RIDGEFIELD, Wash. — Ridgefield schools will remain closed Friday, the Ridgefield School District announced Thursday evening. Friday will be the sixth missed school day since the district's teachers began striking late last week.
Negotiators from the district and the Ridgefield Education Association have met for bargaining sessions each day since the strike began, with a state mediator present for the proceedings.
The ongoing school closure has been extended on a day-by-day basis, with each day's closure usually announced by the district at around 5 p.m. the evening before.
The union issued a press release Wednesday evening declaring that its members had passed a symbolic vote of no confidence against Ridgefield superintendent Nathan McCann and two other senior administrators.
"Union members have been surprised and disappointed with the district’s snail-like pace to come to the table prepared to work on creative solutions," the union wrote in the news release.
The district issued its own press release Wednesday evening, declaring that it has offered "a fair and sustainable financial package" and outlining its proposed salary schedule and other proposed changes that it said were aimed at improving working conditions.
The union represents about 200 teachers and other staff in the district. Its previous three-year contract with the district expired just before the start of the current school year on Sept. 1. Bargaining for a new contract had been underway since June.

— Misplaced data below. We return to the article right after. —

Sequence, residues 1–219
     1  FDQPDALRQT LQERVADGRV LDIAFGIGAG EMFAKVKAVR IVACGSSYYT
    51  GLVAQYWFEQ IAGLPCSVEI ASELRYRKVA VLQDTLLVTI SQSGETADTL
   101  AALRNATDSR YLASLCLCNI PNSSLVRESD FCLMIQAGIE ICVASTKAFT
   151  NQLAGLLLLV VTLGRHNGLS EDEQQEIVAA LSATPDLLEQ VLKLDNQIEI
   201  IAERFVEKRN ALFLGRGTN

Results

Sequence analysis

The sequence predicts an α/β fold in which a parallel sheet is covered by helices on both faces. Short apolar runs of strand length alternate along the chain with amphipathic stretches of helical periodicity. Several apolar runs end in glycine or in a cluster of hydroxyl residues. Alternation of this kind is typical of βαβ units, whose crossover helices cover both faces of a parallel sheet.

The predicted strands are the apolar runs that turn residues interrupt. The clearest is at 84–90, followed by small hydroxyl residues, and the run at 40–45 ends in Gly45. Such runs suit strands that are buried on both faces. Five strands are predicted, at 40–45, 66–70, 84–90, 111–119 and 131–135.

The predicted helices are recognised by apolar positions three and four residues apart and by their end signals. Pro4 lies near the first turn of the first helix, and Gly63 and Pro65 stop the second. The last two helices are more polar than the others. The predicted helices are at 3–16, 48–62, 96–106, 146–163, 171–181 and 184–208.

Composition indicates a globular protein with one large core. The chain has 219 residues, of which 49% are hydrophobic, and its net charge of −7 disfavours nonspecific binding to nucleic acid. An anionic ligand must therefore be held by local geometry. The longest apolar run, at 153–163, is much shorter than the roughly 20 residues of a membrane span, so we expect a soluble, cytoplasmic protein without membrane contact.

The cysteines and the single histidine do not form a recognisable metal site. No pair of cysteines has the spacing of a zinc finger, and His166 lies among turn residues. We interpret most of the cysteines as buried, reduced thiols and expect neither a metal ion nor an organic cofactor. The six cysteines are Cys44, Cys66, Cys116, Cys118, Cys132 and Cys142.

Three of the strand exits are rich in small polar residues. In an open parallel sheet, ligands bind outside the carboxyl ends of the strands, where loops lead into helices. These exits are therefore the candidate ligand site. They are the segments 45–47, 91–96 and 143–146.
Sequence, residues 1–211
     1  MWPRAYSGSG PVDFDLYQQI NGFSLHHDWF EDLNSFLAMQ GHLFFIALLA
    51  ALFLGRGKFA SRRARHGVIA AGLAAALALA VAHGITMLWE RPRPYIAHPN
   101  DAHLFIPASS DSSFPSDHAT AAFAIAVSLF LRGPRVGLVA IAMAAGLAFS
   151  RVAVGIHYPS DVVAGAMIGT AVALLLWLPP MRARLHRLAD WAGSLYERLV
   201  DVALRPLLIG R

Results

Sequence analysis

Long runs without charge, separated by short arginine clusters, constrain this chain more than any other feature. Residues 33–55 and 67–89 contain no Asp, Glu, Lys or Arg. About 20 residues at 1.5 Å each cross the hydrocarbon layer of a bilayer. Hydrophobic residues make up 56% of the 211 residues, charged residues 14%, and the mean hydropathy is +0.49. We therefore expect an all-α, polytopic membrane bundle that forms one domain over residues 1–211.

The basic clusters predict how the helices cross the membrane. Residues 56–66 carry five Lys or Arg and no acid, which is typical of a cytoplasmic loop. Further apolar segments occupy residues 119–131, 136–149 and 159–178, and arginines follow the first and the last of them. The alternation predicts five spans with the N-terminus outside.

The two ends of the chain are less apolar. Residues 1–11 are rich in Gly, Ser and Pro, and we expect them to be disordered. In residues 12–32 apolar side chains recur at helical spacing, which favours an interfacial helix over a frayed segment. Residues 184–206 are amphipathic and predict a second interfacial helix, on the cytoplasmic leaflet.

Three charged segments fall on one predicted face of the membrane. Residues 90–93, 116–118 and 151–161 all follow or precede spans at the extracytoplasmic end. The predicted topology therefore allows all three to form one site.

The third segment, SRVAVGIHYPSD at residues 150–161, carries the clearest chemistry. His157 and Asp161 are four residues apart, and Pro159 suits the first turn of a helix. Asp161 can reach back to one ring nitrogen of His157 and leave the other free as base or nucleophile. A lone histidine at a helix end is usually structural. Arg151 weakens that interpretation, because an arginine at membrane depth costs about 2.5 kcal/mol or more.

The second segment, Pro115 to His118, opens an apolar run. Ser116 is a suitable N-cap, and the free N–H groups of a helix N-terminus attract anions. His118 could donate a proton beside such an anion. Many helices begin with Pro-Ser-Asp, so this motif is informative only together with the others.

The district stated in Facebook posts throughout the week that schools would remain closed until the end of the strike, and missed days will need to be made up at the end of the year or during scheduled breaks, with the exact dates to be determined as part of bargaining.
When asked whether the strike would affect graduating seniors, the district replied that seniors are only required to have 175 days of instruction before graduating, rather than the 180 days per year required for other grade levels, but the graduation ceremony date won't be known until the strike ends.
Teacher pay, class sizes and special education support have all appeared to be sticking points in the negotiations. The district has posted a series of its own contract proposals publicly on its website since Aug. 29, some of which have added incrementally larger pay increases.
The union has highlighted those issues in multiple press releases both before and after the strike began, and the Wednesday press release also criticized the district for what the union characterized as an unwillingness to make improvements to its student intervention program.